A new Seafarers’ Charter launched by the UK government has guaranteed fair wages, proper rest periods, and suitable training for thousands of seafarers.
The charter is part of the government’s wider plan to protect seafarers and boost employment protections, ensuring they’re paid and treated fairly – regardless of flag or nationality. This is at the centre of the UK’s response to P&O Ferries’ decision to fire nearly 800 of its staff without consultation or notice last year.
The government has already delivered the Seafarers’ Wages Act, a key safeguard to protecting domestic seafarers in the UK. The law will make it illegal to not pay the thousands of seafarers regularly entering the UK at least the equivalent of the UK National Minimum Wage.
The Seafarers’ Charter requires employers to pay seafarers for overtime at a rate of a least 1.25 times the basic hourly rate. It ensures adequate training and development and provides employees with a full, indefinite contract.
Furthermore, it allows seafarers to receive social security benefits, including sickness benefits, family benefits, and medical care as well as adopt roster patterns considering fatigue, mental health, and safety. It also provides adequate rest periods between shifts and rosters and carries out regular drug and alcohol testing.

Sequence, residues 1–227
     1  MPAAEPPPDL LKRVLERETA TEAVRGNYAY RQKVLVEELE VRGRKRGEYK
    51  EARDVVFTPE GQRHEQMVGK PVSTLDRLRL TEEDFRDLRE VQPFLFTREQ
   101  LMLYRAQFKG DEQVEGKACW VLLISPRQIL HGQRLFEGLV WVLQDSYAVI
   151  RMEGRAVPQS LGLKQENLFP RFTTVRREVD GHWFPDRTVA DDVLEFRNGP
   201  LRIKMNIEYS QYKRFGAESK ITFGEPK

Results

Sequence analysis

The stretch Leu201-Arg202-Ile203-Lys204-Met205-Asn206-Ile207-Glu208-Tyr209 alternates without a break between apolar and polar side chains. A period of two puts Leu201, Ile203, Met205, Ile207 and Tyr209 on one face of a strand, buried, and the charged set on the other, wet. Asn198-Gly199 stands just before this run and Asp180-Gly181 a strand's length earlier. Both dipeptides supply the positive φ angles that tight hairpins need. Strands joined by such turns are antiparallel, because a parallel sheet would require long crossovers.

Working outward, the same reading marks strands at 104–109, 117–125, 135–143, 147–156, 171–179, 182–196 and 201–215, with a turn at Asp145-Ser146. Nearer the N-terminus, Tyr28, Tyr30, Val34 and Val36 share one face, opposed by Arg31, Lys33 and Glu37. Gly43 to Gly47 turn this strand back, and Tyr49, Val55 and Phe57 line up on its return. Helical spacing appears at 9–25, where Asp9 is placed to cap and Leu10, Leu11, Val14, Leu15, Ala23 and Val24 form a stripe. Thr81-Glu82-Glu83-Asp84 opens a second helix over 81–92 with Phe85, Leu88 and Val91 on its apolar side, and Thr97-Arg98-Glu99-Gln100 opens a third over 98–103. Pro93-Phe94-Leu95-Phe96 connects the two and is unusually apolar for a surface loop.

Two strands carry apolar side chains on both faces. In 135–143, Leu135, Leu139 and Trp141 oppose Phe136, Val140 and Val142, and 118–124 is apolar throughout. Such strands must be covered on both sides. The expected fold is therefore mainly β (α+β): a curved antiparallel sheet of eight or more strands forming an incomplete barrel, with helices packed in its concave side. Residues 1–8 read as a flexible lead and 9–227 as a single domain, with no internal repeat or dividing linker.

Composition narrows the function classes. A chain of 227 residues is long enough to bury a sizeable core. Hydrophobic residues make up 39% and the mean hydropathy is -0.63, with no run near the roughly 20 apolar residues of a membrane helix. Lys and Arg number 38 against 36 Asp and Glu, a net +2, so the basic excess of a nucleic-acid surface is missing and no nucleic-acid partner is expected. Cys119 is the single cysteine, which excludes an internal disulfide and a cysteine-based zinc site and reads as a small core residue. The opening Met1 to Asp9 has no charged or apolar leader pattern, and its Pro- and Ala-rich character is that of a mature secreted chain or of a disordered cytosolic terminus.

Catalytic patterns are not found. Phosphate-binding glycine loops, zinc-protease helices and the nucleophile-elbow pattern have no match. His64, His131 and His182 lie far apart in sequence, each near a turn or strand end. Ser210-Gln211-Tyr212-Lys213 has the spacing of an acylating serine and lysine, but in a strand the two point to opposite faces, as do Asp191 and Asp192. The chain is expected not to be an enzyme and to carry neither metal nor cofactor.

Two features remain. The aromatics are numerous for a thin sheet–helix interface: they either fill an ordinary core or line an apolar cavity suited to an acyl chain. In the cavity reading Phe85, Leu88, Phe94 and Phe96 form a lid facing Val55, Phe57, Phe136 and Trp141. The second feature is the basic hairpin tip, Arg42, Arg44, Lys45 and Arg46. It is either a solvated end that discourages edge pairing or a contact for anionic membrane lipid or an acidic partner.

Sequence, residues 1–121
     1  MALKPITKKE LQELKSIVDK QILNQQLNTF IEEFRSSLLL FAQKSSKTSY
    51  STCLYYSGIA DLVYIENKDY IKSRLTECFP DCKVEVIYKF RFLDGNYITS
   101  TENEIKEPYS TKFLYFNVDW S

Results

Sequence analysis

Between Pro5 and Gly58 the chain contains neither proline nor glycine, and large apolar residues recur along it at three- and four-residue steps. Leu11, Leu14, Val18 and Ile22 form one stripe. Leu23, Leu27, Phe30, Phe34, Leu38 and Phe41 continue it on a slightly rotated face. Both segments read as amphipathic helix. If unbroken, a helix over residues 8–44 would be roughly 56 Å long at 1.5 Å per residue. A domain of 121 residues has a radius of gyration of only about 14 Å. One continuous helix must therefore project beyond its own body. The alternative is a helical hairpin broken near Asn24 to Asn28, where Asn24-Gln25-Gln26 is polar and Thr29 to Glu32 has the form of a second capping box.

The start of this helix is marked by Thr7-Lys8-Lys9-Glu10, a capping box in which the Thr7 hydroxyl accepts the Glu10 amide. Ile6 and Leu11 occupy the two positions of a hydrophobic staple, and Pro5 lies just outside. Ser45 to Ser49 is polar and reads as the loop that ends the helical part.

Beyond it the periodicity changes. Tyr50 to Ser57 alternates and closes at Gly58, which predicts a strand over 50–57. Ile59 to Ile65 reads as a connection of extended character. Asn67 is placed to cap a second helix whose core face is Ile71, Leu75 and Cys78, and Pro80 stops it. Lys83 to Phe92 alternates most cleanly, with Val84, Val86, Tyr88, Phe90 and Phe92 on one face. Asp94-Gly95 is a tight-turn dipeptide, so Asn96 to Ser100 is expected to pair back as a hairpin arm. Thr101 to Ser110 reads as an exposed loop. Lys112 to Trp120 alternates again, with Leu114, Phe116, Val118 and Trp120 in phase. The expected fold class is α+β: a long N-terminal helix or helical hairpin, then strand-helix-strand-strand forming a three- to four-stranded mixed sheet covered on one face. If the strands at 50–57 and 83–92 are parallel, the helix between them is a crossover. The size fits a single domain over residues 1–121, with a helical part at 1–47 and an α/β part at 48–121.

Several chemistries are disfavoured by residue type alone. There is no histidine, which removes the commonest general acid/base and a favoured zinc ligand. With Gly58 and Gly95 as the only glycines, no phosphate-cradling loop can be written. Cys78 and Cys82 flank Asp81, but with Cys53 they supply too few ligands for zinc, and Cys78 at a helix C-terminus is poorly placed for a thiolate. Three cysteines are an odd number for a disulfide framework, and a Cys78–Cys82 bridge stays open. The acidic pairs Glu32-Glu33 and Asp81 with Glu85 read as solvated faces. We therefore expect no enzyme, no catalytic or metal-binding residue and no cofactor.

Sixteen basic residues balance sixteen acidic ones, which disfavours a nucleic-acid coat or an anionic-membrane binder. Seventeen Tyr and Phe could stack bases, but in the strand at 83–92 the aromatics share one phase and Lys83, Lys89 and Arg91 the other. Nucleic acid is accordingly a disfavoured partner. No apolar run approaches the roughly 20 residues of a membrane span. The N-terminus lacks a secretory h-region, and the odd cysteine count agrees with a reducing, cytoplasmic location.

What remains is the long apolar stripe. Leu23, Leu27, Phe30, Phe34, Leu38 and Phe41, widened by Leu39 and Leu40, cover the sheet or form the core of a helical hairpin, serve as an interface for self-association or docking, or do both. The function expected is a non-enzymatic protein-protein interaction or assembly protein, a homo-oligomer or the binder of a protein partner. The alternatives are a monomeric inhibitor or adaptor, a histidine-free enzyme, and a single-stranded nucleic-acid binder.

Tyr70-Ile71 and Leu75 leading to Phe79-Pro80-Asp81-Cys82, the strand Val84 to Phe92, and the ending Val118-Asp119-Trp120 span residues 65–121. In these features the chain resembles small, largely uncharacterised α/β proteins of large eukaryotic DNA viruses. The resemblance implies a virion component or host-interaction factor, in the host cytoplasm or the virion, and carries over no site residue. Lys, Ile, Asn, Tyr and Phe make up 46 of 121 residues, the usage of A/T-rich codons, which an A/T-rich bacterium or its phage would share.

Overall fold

The UK government’s charter will be launched alongside a similar initiative by the French government during a meeting between UK Maritime Minister Baroness Vere and her French counterpart Minister Berville in Paris.
The European Transport Workers’ Federation (ETF) was not so thrilled with the signed charter and the bilateral agreement between France and the UK.
“This agreement is a step forward in the right direction. But we need mandatory standards and sectoral collective bargaining rights. The ETF is calling for the adoption of mandatory seafarer employment standards on European shipping routes, underpinned by sectoral collective bargaining rights, where they do not currently exist,” ETF general secretary Livia Spera stated.
Spera warned that the UK-France bilateral agreement and the voluntary charter will be unable to prevent such cases from happening in the future.
“The solution proposed by France and the UK is based on a voluntary agreement by companies to follow the ‘rules.’ This is not enough, as it does not force companies to be compliant and it does not establish enforcement mechanisms,” Spera concluded.
International Transport Workers’ Federation general secretary, Stephen Cotton, also called for mandatory standards to be applied. Cotton said the voluntary charter would not stop the sector’s slide into another round of cost-cutting and wage-slashing because some companies had made it their strategy to ignore community standards and even break the law.